Gambling options will be expanding this fall for the state-run lottery in North Carolina as regulators have agreed to allow the game of keno to be added to offerings. The North Carolina Education Lottery Commission decided on Tuesday to add keno to the list of approved games, a game that is already provided by 16 other states in the US alongside the lottery. The game of keno is expected to attract a younger audience as well as satisfy the need of legislators to have more money for education programs in the state.

An outside audit was conducted that shows around $66 million could be generated by the 5th year of operation as the game matures. Over a five year time frame, the game is expected to bring as much as $220 million in revenues. The state will receive a large portion of funds from the new game that will be used for public education needs. The audit did not say how much money from the game would go towards education but as far as the North Carolina lottery is concerned, $634 million was generated for education in 2016, which is around 25% of the close to $2.4 billion the state produced in gross sales from scratch-off tickets and numbers drawings.

This month, Democratic Governor Roy Cooper, alongside Senate Republicans, proposed that lottery funds be used for school construction as well as to provide principals and certain teachers with a raise in pay. Alice Garland is the Executive Director of the Lottery who spoke with members of the commission before the keno vote and stated that members of legislation and the office of the governor are looking for ways that the lottery can bring in more revenues to the state and that keno is ‘quite frankly a good source of new revenue’.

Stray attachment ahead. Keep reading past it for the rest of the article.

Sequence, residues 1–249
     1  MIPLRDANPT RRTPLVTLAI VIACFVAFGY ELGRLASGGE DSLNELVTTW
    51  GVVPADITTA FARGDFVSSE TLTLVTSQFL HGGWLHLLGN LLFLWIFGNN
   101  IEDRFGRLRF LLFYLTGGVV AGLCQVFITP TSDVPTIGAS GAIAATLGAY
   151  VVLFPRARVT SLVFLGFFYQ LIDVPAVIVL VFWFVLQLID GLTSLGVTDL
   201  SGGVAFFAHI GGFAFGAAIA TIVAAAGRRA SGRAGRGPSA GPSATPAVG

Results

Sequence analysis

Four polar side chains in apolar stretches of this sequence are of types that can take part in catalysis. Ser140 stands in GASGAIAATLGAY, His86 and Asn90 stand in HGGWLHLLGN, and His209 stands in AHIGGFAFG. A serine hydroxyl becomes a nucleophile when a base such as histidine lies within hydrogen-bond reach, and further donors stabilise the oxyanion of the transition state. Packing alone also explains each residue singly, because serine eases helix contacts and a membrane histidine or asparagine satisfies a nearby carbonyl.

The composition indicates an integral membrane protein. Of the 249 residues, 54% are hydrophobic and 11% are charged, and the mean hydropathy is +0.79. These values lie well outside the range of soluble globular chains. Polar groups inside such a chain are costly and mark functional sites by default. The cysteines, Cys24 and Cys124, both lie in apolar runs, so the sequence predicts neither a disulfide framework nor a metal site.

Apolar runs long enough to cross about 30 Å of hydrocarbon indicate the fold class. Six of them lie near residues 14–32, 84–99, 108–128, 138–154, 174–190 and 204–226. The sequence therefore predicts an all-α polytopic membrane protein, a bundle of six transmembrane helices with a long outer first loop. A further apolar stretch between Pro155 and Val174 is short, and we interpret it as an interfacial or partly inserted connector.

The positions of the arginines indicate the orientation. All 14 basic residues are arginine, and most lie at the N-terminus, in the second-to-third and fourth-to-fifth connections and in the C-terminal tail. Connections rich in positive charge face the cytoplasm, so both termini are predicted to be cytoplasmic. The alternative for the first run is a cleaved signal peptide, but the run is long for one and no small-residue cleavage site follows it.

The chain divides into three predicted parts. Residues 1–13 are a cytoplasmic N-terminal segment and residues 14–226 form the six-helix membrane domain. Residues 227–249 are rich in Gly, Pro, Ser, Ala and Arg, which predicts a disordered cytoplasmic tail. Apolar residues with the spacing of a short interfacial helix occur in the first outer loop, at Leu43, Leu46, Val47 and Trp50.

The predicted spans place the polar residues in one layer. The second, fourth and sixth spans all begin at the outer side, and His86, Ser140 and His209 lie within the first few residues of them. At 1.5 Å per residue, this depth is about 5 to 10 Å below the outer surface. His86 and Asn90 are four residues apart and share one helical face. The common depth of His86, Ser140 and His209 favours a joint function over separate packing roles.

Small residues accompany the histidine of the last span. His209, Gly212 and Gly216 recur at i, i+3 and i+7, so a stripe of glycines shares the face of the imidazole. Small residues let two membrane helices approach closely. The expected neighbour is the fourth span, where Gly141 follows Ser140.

The game of keno is one that takes place in a public place such as a bar or restaurant. Consumers play the game by filling in a form and choosing how many of 20 numbers that are chosen at random they wish to pick plus how much will be wagered. Of course, the more money wagered, the larger the reward will be. Drawings take place every five minutes, with numbers one to 80 drawn.

Lottery Executive Director Garland would like to see the game started by October 15th with 500 retailers offering keno games. In a year’s time, Garland hopes there are at least 1,500 retailers participating. According to the audit, the game would be appealing to millennials, the group of consumers who have not shown an interest in the lottery games.

During the vote on Tuesday, none of the commissioners voted against moving the proposal forward. Yet there are still those in the state who are opposed. Opponents of the lottery feel that expanding the gaming options will increase the chance of more gambling addiction.

In an interview, as reported by the Associated Press, the North Carolina Family Policy Council Executive Director, John Rustin, stated that the intent is to get increased participation by individuals who are already playing the lottery or encouraging/enticing more citizens to play the games. Rustin tried to use studies in the interview to point out a link between gambling problems and an increase in both crime and domestic violence.

The proposal is the first change for the lottery since January 2016 when the Commission named Scientific Games and International Game Technology the new providers of equipment, software and tickets for lottery vendors of the state. It took almost two years for the officials of the North Carolina Education Lottery to review bids and decide on the companies they would be working with.

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